London, 1607. It is a learned 2 It will suffice to mention work. here Mr. Fleay's belief that 4 First at Dresden, 1626 Jonson abridged and corrected (Creizenach, Schauspiele d.engl. Julius Cæsar into its present Com. p. xlii).
1605. A century later the Duke of Buckingham divided the play into two tragedies, Cæsar and Brutus, neither of which was ever performed. 1 And in Voltaire's Brutus and La Mort de César Shakespeare achieved his first (as yet very qualified) triumphs over the dramatic traditions of the Continent.
The suggestion that Julius Cæsar was prompted by the conspiracy of Essex in January to February 1601 (Furnivall, Acad., September 18, 1875, and Preface to Leopold Shakspere) is interesting, but the links are far too slender to support any inference as to the date.
As has just been stated, the Fall of Cæsar was familiar on English stages before Shakespeare wrote, as well as the kindred subject of Cæsar and Pompey, - a kind of First Part to the History. early (and perhaps mythical) Julius Cæsar recorded to have been performed at Whitehall in 1562 possibly included both. A lost play, Cæsar Interfectus, by Dr. Eedes, was acted at Oxford in 1582. Gosson mentions a Cesar and Pompey in his School of Abuse (1579), and Henslowe another in his Diary (1594). None of these survives, but Shakespeare seems to be cognisant of their existence. His opening scene is addressed to a public familiar with the history of Pompey and Pompey's sons ;2 Polonius' description of his performance of the murdered Cæsar at the University, indicates that that subject was in vogue there; and some apparently purposeless deviations from Plutarch are probably concessions to established dramatic or literary tradition. Thus the famous 'Et tu Brute' had occurred in the True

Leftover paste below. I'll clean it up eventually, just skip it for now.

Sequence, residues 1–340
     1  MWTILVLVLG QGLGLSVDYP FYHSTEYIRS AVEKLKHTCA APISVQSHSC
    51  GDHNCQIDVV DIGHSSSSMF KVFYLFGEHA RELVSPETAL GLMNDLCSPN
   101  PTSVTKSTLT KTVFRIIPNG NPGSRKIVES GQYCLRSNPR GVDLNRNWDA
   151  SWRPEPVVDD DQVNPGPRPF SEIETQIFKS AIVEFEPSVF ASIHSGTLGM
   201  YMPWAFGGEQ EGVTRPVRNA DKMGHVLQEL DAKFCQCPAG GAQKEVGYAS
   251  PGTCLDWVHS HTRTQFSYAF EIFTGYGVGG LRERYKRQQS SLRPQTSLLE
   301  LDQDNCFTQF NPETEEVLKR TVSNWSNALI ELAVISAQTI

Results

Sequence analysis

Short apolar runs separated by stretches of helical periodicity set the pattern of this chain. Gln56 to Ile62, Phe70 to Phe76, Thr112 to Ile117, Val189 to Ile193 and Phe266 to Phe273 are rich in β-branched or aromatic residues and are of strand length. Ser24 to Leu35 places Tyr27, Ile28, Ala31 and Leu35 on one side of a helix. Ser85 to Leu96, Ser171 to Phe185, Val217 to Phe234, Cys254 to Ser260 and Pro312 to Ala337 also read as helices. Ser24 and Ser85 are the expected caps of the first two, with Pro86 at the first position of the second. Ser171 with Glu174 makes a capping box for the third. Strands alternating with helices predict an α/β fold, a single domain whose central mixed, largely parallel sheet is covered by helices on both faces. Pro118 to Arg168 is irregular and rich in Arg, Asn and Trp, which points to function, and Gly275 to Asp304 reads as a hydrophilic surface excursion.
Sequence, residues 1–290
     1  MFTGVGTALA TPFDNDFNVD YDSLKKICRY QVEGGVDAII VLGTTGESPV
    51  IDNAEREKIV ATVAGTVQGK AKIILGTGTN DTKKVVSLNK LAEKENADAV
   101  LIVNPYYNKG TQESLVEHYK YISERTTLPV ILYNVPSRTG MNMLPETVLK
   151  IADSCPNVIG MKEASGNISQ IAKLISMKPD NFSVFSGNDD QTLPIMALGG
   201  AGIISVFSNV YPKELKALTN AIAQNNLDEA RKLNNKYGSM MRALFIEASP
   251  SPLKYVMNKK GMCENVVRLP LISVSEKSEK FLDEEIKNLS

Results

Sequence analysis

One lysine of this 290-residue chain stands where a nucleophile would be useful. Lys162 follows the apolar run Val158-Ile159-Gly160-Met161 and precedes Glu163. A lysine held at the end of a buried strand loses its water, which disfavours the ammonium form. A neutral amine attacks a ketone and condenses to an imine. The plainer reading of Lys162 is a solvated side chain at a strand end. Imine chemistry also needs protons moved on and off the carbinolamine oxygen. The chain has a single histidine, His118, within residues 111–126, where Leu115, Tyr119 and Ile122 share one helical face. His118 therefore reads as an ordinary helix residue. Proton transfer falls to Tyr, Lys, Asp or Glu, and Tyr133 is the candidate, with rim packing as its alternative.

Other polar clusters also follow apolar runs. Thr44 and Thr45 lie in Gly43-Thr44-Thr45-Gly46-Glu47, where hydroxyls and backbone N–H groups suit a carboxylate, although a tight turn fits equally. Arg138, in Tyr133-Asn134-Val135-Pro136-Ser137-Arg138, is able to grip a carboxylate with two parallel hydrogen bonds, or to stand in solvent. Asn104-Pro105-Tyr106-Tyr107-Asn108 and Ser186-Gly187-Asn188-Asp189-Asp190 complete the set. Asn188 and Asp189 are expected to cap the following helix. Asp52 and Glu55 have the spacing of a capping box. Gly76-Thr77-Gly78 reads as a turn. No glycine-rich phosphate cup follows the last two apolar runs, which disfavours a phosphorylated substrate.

1 The Tragedy of Cæsar and The Tragedy of Brutus, both printed 1722.